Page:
Wednesday March 29, 2017
By ALAN SUDERMAN , Associated Press
Virginia Gov. Terry McAuliffe is heading toward a fight next week with the GOP-controlled General Assembly over his tweaks to the state budget, amendments to other bills and 40 vetoes. McAuliffe, a Democrat, announced Tuesday he wants to slash funding for a 2019 commemoration of the 400th anniversary of the 1619 founding of the House of Burgesses at Jamestown, the first arrival of African slaves in the British colonies, and other parts of the state's colonial past. The planned event is a favorite of top Republicans, who have said the funding is necessary and is a solid investment.
By MICHAEL MARTZ , Richmond Times-Dispatch (Metered Paywall - 10 articles a month)
Gov. Terry McAuliffe is looking for additional money to cushion Virginia’s budget from the potential effects of actions taken or proposed by President Donald Trump in the first 68 days of his administration. McAuliffe has proposed 27 amendments to the two-year budget adopted by the General Assembly last month, including restored spending on economic incentives to develop solar power and prepare students for jobs in security, but his focus at a news conference Tuesday was potential damage to the state’s economy by the new president’s actions.
By GREGORY S. SCHNEIDER, Washington Post (Metered Paywall - 10 articles a month)
When President Trump took office, Gov. Terry McAuliffe managed to sound surprisingly conciliatory. McAuliffe (D), who had gone all-out to elect his old friend Hillary Clinton, said he has known Trump for 20 years and could do business with him. When the National Governors Association met in Washington last month, McAuliffe — who leads the group — spent a three-hour dinner in private conversation with Trump. The two men toasted one another.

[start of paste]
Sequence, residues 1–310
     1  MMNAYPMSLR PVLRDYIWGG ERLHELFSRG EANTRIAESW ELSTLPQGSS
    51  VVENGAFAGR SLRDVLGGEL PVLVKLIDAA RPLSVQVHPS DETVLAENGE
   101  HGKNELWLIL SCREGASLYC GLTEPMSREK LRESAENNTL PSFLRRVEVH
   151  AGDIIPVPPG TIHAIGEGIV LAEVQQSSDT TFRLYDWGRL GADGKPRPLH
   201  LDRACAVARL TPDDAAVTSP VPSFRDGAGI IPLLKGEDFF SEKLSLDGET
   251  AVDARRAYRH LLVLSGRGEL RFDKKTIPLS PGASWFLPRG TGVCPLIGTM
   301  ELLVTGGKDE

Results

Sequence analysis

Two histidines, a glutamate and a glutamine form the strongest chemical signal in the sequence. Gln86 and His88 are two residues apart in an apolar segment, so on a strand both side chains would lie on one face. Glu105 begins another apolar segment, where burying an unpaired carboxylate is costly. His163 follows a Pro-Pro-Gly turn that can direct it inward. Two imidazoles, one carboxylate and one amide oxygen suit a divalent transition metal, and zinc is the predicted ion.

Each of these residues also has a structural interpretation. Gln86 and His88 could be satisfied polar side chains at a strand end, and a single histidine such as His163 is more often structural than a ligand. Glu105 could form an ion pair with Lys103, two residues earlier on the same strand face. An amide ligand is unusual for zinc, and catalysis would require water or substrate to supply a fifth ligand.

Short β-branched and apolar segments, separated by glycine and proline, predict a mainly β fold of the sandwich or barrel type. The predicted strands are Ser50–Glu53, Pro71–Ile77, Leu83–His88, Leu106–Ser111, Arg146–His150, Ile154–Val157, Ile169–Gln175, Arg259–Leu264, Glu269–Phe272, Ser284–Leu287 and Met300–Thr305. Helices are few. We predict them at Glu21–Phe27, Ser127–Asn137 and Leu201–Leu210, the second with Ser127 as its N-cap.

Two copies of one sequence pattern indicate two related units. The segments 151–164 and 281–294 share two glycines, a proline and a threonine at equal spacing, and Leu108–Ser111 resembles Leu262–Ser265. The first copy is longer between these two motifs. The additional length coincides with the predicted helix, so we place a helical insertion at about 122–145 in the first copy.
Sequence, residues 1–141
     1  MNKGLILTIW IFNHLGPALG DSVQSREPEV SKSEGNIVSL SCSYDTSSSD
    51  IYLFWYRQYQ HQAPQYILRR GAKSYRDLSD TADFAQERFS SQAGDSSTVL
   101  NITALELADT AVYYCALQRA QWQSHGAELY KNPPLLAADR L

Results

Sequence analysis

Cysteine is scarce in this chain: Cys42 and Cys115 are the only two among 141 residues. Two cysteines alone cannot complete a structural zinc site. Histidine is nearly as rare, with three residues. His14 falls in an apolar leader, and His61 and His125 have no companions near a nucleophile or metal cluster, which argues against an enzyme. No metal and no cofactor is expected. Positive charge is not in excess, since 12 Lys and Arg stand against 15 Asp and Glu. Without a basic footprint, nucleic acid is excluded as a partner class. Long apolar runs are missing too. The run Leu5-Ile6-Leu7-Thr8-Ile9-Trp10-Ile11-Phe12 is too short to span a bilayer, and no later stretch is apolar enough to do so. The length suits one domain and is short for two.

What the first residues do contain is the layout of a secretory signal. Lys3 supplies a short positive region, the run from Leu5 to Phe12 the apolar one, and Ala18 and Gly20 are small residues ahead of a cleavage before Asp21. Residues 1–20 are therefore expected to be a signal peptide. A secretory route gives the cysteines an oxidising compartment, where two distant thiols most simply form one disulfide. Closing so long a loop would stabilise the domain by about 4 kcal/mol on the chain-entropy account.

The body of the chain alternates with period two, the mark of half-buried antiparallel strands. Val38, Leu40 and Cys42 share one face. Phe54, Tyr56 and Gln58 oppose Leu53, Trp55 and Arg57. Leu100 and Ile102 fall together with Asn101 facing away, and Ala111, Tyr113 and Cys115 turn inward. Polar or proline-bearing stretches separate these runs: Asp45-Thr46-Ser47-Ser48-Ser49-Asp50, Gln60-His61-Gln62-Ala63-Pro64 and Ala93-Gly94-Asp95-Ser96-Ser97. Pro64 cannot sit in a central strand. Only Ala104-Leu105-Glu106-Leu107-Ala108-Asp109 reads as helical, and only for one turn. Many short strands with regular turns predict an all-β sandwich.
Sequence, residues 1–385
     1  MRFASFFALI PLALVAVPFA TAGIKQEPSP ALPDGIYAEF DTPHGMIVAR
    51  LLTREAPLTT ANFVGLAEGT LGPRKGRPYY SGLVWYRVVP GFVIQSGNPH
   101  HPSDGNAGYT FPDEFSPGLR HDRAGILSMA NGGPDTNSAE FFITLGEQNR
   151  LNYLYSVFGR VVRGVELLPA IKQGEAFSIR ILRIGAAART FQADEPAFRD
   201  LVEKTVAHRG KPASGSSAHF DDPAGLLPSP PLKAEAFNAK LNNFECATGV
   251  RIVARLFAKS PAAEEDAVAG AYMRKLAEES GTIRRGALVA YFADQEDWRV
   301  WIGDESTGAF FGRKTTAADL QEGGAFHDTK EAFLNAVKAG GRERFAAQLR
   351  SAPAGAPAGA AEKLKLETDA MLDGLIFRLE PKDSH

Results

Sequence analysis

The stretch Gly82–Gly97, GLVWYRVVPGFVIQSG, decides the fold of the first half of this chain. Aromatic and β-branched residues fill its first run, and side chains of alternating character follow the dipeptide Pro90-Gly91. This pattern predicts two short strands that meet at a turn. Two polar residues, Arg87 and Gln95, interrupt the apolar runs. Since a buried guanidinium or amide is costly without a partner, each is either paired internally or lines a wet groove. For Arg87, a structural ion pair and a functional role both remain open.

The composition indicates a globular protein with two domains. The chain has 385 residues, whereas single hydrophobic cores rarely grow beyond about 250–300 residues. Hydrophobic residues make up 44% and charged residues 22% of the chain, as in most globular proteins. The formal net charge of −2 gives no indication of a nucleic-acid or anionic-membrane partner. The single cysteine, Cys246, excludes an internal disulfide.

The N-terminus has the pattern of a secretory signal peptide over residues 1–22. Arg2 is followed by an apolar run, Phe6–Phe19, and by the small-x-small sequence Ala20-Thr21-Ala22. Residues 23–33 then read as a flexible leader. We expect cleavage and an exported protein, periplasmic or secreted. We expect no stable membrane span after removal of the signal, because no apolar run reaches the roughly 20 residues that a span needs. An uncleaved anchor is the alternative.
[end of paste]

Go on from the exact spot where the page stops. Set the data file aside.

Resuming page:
By PATRICK WILSON , Richmond Times-Dispatch (Metered Paywall - 10 articles a month)
Navy Lt. Sean McCarthy spent a week with his parents in Arizona before moving from California to Virginia Beach. Within a week, Virginia Beach police told his parents in 2014, he had killed himself in his apartment. Kevin and Linda McCarthy were stunned. Their son had just bought furniture for the apartment and was recently promoted. When the parents arrived in Virginia, police acted as if the case was closed. Wondering if the police had properly investigated, the McCarthys asked for the police reports and were repeatedly denied.
By SCOTT MCCAFFREY, Sun Gazette
In what could end up being a win for the Arlington County Board and a loss for the county’s business community, Gov. McAuliffe has recommended significant changes to legislation setting restrictions on the county government’s ability to regulate towing. In a message sent to the General Assembly March 27, McAuliffe formally recommended gutting language in the bill that would prohibit Northern Virginia localities from requiring a “second signature” before vehicles could be towed from commercial properties.
Roanoke Times (Metered Paywall - 20 articles a month)
Virginia Gov. Terry McAuliffe has vetoed legislation banning localities from restricting the enforcement of federal immigration laws. McAuliffe, a Democrat, announced his veto Monday, saying the measure would stoke fears among the state’s immigrant communities. He had promised to veto House Bill 2000, introduced by Del. Charles Poindexter, R-Franklin, when it passed the GOP-controlled General Assembly in February.
By JEFF BRANSCOME, Free Lance-Star (Metered Paywall - 10 articles a month)
Spotsylvania Parkway’s picturesque—and pricey—landscaping is here to stay for now. Gov. Terry McAuliffe recently vetoed a bill that could have turned the parkway’s landscaping over to the Virginia Department of Transportation. The two-mile stretch of Spotsylvania Parkway at issue is privately landscaped, and residents of Lee’s Parke and Virginia Heritage foot the bill under a “Cost-Sharing Agreement” signed in 2005 by Lee’s Parke developer Fried Cos. and Virginia Heritage developer Lennar Corp.